Lawn company fails to reap tax break at court

LANSING (AP) - A lawn care company hoping to harvest a significant tax break has failed to break ground at the Michigan appeals court.

TruGreen said it should qualify for a certain tax exemption on seed, fertilizer, insecticides and other products used to enhance the lawns of customers. It wants to be treated like farmers who till and plant or raise livestock.

TruGreen latched on to a key phrase in Michigan law referring to "things of the soil." But the appeals court, in a 2-1 decision last Friday, said the company's services don't qualify.

"TruGreen plants grass and cares for it. ... The term 'things of the soil' pertains to the products of farms and horticultural businesses, not blades of well-tended grass," said Judge Elizabeth Gleicher.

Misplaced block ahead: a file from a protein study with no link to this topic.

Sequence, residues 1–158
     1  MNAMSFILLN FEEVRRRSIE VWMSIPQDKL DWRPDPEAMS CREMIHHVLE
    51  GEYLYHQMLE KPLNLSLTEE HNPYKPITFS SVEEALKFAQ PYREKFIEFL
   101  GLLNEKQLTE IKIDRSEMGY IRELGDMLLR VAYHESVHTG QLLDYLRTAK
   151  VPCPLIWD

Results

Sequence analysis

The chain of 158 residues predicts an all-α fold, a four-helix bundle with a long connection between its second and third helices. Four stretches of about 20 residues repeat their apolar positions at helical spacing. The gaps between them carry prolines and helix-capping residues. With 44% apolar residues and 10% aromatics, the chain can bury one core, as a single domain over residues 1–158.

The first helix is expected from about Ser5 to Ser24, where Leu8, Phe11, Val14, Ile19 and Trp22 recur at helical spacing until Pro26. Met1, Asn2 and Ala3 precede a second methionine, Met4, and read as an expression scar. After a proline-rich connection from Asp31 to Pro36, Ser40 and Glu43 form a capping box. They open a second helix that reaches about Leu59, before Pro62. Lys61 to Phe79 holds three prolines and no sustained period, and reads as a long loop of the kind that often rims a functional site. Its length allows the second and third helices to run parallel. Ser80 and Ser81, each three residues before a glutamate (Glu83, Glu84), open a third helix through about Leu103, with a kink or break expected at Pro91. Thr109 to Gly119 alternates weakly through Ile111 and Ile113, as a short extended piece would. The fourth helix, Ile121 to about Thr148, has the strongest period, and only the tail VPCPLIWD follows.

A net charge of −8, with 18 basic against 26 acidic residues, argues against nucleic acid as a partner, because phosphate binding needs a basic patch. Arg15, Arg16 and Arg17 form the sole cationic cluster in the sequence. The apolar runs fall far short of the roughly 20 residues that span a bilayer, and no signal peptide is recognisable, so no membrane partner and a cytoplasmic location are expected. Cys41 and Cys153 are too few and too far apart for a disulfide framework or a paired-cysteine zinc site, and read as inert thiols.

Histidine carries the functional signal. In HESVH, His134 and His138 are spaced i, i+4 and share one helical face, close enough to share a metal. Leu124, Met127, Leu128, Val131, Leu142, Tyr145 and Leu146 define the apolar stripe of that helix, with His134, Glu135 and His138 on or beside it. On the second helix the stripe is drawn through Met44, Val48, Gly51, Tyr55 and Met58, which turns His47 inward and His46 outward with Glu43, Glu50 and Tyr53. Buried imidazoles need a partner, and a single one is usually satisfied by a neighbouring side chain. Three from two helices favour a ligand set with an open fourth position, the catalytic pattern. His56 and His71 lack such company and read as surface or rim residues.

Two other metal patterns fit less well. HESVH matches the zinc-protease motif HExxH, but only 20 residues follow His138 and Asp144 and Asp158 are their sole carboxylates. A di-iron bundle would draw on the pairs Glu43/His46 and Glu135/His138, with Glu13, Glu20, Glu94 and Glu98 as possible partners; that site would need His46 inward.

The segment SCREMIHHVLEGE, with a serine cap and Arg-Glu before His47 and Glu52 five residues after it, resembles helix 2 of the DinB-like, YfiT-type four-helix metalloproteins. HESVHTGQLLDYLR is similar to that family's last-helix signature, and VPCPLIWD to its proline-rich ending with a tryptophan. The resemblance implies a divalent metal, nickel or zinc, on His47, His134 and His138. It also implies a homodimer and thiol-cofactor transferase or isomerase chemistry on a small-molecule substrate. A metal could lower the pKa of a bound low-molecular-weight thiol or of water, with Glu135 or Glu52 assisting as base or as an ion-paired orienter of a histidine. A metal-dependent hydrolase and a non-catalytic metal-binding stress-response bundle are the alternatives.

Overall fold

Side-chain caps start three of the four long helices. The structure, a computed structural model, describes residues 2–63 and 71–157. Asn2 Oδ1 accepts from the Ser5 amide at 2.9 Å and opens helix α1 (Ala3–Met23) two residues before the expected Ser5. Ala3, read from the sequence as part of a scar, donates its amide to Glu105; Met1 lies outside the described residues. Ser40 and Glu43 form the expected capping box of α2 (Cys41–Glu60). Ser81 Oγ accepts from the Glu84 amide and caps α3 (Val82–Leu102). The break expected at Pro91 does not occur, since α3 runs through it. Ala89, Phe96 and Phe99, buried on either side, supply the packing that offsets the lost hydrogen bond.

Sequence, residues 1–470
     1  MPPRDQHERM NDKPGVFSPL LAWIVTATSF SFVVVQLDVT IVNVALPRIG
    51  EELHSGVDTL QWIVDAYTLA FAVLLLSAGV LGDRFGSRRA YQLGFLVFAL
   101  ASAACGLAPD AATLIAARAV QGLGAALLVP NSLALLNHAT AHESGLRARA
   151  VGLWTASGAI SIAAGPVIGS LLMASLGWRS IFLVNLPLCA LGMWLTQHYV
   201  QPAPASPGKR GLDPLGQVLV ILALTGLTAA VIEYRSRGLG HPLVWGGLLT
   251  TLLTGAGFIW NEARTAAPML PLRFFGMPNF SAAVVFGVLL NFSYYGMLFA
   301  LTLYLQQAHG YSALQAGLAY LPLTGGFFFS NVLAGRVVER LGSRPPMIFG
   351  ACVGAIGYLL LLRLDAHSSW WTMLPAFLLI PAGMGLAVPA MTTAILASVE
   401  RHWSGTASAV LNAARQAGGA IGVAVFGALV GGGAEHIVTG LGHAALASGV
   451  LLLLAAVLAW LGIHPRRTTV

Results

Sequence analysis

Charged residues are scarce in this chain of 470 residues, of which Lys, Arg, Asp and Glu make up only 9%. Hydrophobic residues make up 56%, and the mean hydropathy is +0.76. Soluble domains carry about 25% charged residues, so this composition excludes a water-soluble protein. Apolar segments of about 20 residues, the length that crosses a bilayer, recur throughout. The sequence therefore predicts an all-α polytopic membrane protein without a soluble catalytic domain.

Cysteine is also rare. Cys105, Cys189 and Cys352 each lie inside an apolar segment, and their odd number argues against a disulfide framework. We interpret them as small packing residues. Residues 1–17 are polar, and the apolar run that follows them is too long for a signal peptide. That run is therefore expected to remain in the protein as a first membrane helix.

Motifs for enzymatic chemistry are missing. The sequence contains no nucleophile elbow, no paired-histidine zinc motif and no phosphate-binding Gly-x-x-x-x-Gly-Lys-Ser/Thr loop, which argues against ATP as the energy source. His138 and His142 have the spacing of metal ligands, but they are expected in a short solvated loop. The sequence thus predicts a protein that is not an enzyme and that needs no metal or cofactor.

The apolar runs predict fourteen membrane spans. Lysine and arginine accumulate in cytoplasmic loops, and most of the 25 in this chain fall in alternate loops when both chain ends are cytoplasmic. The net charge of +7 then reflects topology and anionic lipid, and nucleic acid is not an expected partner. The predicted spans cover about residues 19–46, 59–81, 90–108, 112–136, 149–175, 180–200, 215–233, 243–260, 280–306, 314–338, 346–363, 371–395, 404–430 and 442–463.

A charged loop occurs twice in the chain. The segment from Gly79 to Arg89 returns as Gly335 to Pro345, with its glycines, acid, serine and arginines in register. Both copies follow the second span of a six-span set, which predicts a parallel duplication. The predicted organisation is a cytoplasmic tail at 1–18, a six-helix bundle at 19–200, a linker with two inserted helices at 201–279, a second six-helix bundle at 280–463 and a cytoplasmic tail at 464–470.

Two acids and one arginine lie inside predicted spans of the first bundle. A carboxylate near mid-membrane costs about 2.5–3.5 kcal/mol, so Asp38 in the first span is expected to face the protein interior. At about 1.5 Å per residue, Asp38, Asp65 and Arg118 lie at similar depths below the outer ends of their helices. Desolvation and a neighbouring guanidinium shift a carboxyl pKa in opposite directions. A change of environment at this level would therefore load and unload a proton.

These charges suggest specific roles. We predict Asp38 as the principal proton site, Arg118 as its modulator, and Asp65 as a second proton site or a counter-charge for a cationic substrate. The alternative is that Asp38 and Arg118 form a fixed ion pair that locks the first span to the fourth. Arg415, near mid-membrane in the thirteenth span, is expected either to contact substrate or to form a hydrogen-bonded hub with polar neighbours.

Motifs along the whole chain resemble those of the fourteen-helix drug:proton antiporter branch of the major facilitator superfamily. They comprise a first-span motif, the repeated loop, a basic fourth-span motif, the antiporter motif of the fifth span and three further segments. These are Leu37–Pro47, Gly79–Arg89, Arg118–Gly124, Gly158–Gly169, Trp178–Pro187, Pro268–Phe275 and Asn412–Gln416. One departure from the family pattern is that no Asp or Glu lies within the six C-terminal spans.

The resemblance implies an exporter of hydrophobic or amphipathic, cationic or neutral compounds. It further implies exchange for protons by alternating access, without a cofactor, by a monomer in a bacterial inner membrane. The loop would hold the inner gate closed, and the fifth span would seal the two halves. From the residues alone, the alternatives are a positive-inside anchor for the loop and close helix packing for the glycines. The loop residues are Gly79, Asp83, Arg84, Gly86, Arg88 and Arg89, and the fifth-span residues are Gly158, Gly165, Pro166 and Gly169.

Judge Brock Swartzle wrote a 13-page dissent, chiding Gleicher and Judge Douglas Shapiro. He said there is no phrase in the law applying the tax exemption strictly to "agricultural production."

Lawmakers "instead chose a logically broader one, 'things of the soil,'" Swartzle said. "Under the plain meaning and statutory context of the use-tax exemption, TruGreen remains on solid ground."

Published: Tue, Apr 14, 2020